Isil poses potent threat, Iraqi PM warns in wake of Baghdadi clip
ISIL remains a potent threat around the world despite reduced capabilities, Iraqi prime minister Adel Abdul Mahdi said yesterday, adding its leader Abu Bakr al-Baghdadi had made his latest video appearance in a "remote area".
A video showed a man it said was Baghdadi in what would be his first appearance since he declared the jihadists' now- defunct "caliphate" five years ago. The authenticity and date of the recording could not be independently verified.
Mr Abdul Mahdi said Baghdadi's appearance was an attempt to boost militants and Isil would attempt to carry out more attacks.
"Regarding the location of Baghdadi, we can't give intelligence information right now, but it's clear from the video he's in a remote area," Mr Abdul Mahdi said.
Baghdadi, an Iraqi, is believed to be hiding out in an isolated area of either Iraq or Syria, part of vast desert regions Isil once held and from where it is thought the jihadists are now waging regular insurgent-style attacks against security forces in both countries.
Hisham al-Hashemi, a security adviser to the Iraqi government, said officials had narrowed his whereabouts to four possible locations. "These are in the desert of Iraq's Anbar (province) or in the (eastern) desert of Homs in Syria," he said.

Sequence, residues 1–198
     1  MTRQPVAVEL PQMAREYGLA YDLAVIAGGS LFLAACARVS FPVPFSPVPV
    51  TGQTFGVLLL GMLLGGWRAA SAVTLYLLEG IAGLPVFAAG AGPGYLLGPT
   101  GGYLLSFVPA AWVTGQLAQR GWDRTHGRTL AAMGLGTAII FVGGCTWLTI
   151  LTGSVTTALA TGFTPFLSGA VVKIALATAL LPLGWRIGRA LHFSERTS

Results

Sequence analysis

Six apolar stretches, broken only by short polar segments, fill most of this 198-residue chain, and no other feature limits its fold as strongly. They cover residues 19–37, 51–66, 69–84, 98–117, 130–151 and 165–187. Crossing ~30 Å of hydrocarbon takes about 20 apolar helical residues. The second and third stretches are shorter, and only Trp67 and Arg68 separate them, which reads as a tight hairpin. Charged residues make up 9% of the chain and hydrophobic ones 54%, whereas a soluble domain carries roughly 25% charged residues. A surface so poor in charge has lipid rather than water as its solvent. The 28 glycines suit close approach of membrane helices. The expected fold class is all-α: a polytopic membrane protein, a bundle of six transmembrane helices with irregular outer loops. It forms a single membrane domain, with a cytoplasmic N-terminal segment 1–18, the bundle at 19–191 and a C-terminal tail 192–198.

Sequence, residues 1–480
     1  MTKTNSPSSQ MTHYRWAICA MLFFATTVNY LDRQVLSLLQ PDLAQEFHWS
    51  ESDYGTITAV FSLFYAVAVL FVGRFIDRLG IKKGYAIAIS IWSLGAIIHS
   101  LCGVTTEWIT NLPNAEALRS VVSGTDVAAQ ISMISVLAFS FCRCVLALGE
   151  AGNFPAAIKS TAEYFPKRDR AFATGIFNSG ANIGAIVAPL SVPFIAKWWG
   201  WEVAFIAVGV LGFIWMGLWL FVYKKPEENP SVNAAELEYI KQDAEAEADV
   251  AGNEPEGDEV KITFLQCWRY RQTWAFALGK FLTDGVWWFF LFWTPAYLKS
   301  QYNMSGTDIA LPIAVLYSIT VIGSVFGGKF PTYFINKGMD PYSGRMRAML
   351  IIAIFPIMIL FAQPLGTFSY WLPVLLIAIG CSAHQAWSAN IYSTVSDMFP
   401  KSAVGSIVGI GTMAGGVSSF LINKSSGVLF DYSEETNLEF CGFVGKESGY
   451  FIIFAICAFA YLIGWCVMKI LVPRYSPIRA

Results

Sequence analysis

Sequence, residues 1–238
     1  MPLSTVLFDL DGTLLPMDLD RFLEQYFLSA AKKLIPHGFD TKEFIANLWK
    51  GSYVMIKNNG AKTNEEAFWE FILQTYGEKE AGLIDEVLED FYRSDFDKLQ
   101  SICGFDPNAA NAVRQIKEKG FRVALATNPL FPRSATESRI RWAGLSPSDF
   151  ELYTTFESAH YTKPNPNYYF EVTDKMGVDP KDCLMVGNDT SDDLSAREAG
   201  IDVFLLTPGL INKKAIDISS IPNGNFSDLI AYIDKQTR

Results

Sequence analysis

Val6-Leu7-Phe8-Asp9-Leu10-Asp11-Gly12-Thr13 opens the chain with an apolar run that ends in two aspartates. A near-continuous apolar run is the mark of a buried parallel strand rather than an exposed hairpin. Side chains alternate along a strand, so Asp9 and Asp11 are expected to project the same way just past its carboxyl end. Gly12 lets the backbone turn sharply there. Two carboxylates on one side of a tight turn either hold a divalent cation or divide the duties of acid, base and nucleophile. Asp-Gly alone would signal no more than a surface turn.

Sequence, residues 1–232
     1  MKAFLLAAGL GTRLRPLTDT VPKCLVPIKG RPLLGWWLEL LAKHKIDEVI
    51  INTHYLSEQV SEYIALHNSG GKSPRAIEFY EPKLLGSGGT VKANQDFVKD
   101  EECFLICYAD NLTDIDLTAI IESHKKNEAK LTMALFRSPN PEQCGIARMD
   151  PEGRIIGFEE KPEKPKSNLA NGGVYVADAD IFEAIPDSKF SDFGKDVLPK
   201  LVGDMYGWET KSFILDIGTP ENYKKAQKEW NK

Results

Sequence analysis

Mr Abdul Mahdi said Isil's capabilities had "greatly reduced", but that the group still posed a threat.
"Daesh [Isil] is not just a small organisation, it's widespread and will try to put confidence back in its militants and carry out acts such as those in Sri Lanka," he said, referring to the Easter Sunday attacks claimed by the group.
In the 18-minute video, a bearded man with Baghdadi's appearance says the bombings in Sri Lanka were Isil's response to losses in its last territorial stronghold of Baghouz in Syria.
The video would be the first from Baghdadi since he was filmed in the Iraqi city of Mosul in 2014. More recent speeches have been released as audio recordings.
Baghdadi vowed to carry out revenge attacks against the West in retaliation for the fall of Baghouz, the town in eastern Syria where his fighters made a last stand to defend Isil-held territory against advancing Kurdish forces.
"Your brothers in Sri Lanka have pleased the hearts of the believers with their [suicide] attacks," he said. "This is only part of the revenge awaiting the crusaders."
He said Isil supporters had carried out 92 attacks in eight countries in response to the defeat in Baghouz. He stressed the jihadists had not retreated in the face of overwhelming odds and instead fought to the end.
In reality, hundreds of suspected Isil fighters surrendered to Kurdish forces before Baghouz was captured in late March. Baghdadi acknowledged Isil's defeat there, but said jihadists would continue "a war of attrition". (© Daily Telegraph, London)